Contemporary republicanism and the strategy of armed struggle
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|Title:||Contemporary republicanism and the strategy of armed struggle||Authors:||Ruane, Joseph||Permanent link:||http://hdl.handle.net/10197/7714||Date:||2004||Abstract:||Assuming that the conflict of the past thirty years is now drawing to a close, we can, with a certain distance and detachment, attempt to map its parameters, examine its causes and consequences, and seek to learn from it. Why did the conflict initially break out, why did it last so long, and why did it end when it did? Has the Good Friday Agreement finally legitimated Northern Ireland as a political entity, and has violence now been de-legitimated as a weapon in Irish and in Irish-British politics? Is political violence likely to continue in some form and could it conceivably return on the scale of the past thirty years?||Type of material:||Book Chapter||Publisher:||UCD Press||Keywords:||Northern Ireland;Good Friday Agreement;Longue durée||Language:||en||Status of Item:||Peer reviewed||Is part of:||Bric, M.J. and Coakley, J. (eds.). From Political Violence to Negotiated Settlement: The Winding Path to Peace in Twentieth Century Ireland|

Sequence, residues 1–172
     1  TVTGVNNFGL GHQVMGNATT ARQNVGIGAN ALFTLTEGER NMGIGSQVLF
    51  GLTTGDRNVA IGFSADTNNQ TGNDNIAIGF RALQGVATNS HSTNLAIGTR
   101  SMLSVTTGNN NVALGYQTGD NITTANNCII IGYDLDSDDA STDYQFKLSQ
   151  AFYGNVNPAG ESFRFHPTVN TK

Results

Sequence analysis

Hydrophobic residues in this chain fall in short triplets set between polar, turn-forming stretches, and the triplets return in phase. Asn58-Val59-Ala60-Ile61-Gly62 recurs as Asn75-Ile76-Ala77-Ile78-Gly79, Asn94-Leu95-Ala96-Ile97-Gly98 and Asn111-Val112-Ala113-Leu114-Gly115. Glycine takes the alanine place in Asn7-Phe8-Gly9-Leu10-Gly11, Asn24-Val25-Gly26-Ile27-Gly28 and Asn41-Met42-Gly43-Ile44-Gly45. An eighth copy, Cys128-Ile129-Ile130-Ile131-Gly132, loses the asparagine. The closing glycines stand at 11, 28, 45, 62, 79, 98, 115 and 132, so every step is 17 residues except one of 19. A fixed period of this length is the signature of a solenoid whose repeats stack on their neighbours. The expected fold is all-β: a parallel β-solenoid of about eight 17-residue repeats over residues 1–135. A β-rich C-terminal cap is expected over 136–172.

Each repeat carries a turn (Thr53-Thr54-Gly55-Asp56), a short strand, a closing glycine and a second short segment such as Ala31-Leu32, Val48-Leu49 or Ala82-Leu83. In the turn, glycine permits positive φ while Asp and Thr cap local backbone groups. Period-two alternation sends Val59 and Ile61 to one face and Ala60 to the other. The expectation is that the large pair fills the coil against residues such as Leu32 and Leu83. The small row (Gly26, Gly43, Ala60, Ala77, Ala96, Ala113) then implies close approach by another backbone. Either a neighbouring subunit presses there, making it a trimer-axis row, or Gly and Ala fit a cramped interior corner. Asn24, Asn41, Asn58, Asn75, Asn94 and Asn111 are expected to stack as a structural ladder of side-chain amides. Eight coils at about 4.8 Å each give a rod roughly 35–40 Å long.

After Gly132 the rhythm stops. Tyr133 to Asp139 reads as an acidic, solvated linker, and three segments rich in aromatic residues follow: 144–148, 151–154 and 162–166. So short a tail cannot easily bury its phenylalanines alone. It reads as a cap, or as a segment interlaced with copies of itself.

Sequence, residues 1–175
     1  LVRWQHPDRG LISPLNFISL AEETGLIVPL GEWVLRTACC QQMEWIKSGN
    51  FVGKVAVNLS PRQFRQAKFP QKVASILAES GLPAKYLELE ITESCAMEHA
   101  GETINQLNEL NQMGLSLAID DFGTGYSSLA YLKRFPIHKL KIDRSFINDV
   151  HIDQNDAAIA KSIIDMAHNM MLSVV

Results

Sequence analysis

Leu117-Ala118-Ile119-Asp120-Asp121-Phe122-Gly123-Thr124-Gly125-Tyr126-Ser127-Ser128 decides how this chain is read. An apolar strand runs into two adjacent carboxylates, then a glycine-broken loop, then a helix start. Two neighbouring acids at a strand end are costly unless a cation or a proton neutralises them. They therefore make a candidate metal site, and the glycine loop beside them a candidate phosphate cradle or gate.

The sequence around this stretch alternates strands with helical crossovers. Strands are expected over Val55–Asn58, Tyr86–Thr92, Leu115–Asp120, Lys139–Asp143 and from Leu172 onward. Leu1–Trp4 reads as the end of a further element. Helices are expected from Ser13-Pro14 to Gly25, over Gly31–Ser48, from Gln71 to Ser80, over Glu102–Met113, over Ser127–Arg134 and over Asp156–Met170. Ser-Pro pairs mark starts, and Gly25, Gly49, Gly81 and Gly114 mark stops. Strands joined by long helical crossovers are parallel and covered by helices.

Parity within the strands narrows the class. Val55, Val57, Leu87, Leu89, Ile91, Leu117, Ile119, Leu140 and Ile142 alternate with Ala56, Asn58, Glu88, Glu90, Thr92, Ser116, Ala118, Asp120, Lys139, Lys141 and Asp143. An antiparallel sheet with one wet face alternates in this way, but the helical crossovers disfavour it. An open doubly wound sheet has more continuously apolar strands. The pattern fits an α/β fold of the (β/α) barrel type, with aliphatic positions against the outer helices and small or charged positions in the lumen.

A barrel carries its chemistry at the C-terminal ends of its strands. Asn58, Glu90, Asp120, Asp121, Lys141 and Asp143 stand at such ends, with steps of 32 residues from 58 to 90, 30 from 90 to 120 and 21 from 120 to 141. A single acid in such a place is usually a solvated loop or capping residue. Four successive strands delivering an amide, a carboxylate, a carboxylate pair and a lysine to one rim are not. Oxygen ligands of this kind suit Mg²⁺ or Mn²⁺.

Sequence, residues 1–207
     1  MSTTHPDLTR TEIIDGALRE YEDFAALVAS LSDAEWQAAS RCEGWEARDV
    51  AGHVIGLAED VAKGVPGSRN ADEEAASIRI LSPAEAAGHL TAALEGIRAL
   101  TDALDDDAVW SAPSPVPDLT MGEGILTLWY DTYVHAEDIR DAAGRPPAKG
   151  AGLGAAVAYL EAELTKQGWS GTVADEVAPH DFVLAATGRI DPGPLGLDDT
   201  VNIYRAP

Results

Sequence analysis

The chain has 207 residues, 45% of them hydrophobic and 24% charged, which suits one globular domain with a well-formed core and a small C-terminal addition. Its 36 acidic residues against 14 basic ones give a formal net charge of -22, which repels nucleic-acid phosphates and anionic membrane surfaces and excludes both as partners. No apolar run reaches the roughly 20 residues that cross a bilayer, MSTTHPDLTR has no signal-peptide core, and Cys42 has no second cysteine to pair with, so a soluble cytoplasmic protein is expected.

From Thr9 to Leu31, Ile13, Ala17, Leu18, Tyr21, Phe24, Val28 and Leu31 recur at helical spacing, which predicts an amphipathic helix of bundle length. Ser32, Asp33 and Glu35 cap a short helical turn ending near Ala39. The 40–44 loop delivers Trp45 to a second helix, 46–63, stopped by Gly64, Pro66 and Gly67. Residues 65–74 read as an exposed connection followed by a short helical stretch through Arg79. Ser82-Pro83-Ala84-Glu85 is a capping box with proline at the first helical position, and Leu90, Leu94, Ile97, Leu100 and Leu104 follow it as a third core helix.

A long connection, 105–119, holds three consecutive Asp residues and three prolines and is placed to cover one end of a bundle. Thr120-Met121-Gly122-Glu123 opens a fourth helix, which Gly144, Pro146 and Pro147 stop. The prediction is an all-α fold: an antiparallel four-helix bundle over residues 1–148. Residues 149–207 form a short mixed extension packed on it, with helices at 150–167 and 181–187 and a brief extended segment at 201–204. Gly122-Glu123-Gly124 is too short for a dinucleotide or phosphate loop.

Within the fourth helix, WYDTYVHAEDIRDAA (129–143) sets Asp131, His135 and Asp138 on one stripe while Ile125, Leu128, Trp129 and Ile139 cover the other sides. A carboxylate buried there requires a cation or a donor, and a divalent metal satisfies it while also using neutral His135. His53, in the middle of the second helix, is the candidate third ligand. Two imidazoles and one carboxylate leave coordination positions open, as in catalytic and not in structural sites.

|Appears in Collections:||Sociology Research Collection|
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